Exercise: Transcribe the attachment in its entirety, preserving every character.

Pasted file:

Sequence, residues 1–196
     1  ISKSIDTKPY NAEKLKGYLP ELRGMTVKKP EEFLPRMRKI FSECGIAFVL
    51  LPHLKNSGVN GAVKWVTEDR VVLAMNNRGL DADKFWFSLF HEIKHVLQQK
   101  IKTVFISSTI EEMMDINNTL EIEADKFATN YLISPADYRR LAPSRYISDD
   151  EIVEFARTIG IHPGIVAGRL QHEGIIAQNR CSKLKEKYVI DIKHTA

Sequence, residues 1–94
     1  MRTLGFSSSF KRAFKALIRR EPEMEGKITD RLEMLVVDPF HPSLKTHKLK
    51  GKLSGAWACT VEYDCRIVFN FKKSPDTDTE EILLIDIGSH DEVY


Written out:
Sequence, residues 1–196
     1  ISKSIDTKPY NAEKLKGYLP ELRGMTVKKP EEFLPRMRKI FSECGIAFVL
    51  LPHLKNSGVN GAVKWVTEDR VVLAMNNRGL DADKFWFSLF HEIKHVLQQK
   101  IKTVFISSTI EEMMDINNTL EIEADKFATN YLISPADYRR LAPSRYISDD
   151  EIVEFARTIG IHPGIVAGRL QHEGIIAQNR CSKLKEKYVI DIKHTA

Sequence, residues 1–94
     1  MRTLGFSSSF KRAFKALIRR EPEMEGKITD RLEMLVVDPF HPSLKTHKLK
    51  GKLSGAWACT VEYDCRIVFN FKKSPDTDTE EILLIDIGSH DEVY